It happens to most dSLR owners. You get the camera, and you’re thrilled with it, but you’re also awed and a wee bit afraid because the whole thing is just so confusing. It doesn’t take very long before someone tells you that the kit lens, the lens that usually comes with the camera, is a piece of garbage. This sends you off to the web to find a better lens, but there are all sorts of complicated and cryptic numbers and letters and symbols and the like. The whole thing is so bewildering that you just want to go to the drugstore and buy a disposable film camera.
Don’t fear! The cryptic numbers and letters that are used to describe lenses are really (mostly) pretty straightforward. If you’ve been reading this blog, you’ll probably find that you’re already familiar with most of the terms, so this won’t be too hard.
Before we start looking at lenses, there’s on term that I may not have explained yet– focal length. In a nutshell focal length is how long the lens is. It’s a little bit more complicated than that, of course, and the technical definition isn’t all that interesting, but there is really only one thing you need to know, and it’s really easy. The longer your lens is, the more the image is magnified.
Let’s say that you’re taking a picture of the tree in your yard, and there’s a bird perched on a branch. If you use a short lens, you’ll get the whole tree into the picture, and the bird will be a tiny little blob. If you use a long lens, you’ll just get the bird and the branch that he’s sitting on, and you’ll be able to tell that he’s a blue jay. If you have a really long lens, you’ll be able to see the worm in his mouth. Cool!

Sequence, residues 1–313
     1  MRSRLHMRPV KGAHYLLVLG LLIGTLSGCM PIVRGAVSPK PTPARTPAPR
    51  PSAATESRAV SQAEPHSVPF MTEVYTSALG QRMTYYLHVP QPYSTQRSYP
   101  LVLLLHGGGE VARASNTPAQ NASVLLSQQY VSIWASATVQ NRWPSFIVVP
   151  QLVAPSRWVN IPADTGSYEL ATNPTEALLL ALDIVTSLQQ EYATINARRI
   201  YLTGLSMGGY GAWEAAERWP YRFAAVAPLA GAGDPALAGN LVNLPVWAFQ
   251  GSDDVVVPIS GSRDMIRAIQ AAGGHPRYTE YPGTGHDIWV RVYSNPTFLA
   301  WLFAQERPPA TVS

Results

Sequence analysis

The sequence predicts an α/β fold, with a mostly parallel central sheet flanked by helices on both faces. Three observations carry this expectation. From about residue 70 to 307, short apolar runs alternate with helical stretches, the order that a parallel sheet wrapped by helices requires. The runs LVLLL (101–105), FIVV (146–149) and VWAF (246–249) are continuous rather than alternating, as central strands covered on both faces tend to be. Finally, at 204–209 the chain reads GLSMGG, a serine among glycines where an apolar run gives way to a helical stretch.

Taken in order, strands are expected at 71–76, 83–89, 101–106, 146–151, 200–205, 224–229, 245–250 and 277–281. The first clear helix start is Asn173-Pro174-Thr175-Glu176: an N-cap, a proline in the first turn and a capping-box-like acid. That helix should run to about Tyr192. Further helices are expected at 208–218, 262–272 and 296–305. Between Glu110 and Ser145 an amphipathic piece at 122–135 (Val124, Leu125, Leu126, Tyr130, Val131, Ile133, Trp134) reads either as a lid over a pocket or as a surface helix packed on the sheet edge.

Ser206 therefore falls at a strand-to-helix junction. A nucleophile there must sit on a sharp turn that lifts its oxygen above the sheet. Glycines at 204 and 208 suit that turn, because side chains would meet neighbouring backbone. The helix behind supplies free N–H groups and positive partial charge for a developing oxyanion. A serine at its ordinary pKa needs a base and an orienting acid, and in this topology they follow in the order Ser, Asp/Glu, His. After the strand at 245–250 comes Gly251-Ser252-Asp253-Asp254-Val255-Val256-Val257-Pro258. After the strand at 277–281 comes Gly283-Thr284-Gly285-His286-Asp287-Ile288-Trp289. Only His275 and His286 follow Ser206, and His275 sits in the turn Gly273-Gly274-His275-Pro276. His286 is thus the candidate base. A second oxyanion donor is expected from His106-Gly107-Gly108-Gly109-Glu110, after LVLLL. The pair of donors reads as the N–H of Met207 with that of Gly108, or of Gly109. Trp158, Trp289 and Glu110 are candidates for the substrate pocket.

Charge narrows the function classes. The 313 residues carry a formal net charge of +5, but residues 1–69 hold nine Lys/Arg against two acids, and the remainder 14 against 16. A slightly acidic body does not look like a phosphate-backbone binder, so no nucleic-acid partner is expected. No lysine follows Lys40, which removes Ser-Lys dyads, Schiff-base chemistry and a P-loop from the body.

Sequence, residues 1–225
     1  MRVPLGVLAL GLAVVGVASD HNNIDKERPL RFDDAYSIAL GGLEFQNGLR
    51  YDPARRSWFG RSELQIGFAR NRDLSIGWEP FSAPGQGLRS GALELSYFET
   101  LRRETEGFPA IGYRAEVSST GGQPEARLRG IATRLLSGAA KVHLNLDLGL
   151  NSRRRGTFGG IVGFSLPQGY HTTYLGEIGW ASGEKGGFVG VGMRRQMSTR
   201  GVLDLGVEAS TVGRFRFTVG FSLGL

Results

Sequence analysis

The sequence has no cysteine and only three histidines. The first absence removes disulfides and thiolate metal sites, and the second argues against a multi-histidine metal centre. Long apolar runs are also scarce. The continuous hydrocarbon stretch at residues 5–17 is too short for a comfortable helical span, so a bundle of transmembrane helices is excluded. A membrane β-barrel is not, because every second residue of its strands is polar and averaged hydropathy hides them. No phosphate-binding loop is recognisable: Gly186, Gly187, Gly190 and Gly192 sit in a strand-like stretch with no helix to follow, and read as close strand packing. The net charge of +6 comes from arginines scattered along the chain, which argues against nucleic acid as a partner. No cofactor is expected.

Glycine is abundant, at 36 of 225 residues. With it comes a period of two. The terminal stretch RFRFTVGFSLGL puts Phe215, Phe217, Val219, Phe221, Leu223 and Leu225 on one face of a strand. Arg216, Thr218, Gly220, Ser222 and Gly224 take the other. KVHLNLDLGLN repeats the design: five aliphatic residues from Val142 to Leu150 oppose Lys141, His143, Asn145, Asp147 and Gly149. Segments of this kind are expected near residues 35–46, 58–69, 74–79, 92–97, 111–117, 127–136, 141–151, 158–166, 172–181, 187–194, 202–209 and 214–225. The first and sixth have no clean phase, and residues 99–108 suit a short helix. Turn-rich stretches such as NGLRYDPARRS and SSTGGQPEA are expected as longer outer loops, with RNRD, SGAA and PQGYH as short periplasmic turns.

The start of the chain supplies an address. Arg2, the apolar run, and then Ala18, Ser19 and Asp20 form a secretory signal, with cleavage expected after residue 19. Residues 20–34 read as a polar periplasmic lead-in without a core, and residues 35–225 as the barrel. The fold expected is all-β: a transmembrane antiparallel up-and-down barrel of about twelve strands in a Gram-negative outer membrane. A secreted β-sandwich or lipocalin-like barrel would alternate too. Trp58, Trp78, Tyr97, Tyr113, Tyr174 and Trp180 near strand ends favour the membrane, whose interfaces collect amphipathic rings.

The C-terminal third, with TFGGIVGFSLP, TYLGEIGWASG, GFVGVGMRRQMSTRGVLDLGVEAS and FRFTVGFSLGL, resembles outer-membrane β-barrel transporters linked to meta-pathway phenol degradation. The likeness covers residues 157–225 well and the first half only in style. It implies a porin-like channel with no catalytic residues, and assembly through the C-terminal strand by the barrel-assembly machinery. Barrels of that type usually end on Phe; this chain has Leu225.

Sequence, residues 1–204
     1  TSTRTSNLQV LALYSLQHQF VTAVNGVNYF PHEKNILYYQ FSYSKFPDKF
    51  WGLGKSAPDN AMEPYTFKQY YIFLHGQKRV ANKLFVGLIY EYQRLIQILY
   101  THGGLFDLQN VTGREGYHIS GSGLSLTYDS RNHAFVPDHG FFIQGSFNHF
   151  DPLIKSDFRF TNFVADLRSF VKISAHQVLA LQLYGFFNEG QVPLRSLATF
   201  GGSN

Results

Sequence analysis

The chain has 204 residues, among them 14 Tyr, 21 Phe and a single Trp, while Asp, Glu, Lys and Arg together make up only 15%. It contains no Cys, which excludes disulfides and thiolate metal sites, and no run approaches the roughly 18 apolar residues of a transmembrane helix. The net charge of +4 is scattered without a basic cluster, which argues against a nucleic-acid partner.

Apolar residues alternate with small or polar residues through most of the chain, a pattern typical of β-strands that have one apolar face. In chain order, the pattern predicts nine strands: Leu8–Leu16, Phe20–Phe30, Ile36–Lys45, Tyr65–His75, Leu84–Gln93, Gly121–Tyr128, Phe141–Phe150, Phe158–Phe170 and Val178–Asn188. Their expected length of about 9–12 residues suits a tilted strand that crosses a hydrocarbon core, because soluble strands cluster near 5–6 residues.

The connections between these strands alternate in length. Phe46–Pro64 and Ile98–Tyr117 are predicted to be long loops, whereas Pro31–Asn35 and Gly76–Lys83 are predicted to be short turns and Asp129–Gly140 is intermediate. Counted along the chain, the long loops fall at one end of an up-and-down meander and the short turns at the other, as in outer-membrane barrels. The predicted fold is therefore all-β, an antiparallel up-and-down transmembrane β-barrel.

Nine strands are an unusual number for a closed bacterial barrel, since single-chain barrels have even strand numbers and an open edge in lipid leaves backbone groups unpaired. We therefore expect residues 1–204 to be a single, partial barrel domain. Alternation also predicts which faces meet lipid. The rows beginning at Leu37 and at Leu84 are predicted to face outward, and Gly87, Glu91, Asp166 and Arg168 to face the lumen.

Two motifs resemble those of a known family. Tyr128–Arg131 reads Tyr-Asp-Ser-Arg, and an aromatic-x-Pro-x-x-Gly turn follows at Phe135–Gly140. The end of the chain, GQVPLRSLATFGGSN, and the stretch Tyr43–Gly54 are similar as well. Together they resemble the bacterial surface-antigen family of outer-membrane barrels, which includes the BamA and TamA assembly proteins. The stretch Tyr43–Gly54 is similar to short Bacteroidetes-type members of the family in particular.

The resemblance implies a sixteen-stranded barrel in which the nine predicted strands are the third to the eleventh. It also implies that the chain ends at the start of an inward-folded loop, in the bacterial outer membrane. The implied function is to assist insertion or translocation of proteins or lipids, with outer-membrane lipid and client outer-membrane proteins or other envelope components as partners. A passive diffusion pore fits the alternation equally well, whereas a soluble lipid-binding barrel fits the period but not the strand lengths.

If you have a zoom lens, and you probably do, you’re probably already familiar with this concept. Zoom in and everything gets closer. Zoom out and you get more of the area in the picture.
Long lenses are called telephoto lenses. The prefix tele- means distant, so telephoto lenses let you take pictures of distant things. This amazing shot of a polar bear, taken by award-winning nature photographer Joe Decker, was taken with a telephoto lens. Joe’s a smart guy, and he knows if he gets too close to a bear he runs the risk of being dinner.
Short lenses are called wide-angle lenses, because they let you get a really wide view of your surroundings. Again, I’ll use one of Joe’s photos, this one a sweeping view of sunrise in Bryce Canyon. I honestly don’t know what lens was used for this shot, but the only way to get such a grand vista is to use a wide-angle lens.
Here’s what you should remember about focal length: using a wide-angle lens is like stepping back from the picture so that you can see more of the action, while using a telephoto lens is like walking over to the subject so you can get a closer look. That’s really all you need to know for now.
Once again, I’d like to thank Joe Decker for giving me permission to use his images as examples. I highly recommend checking out his work, especially some of his recent images from Iceland and Greenland.
In the next lesson, I’ll take a closer look at a couple of lenses and explain what all of the numbers mean.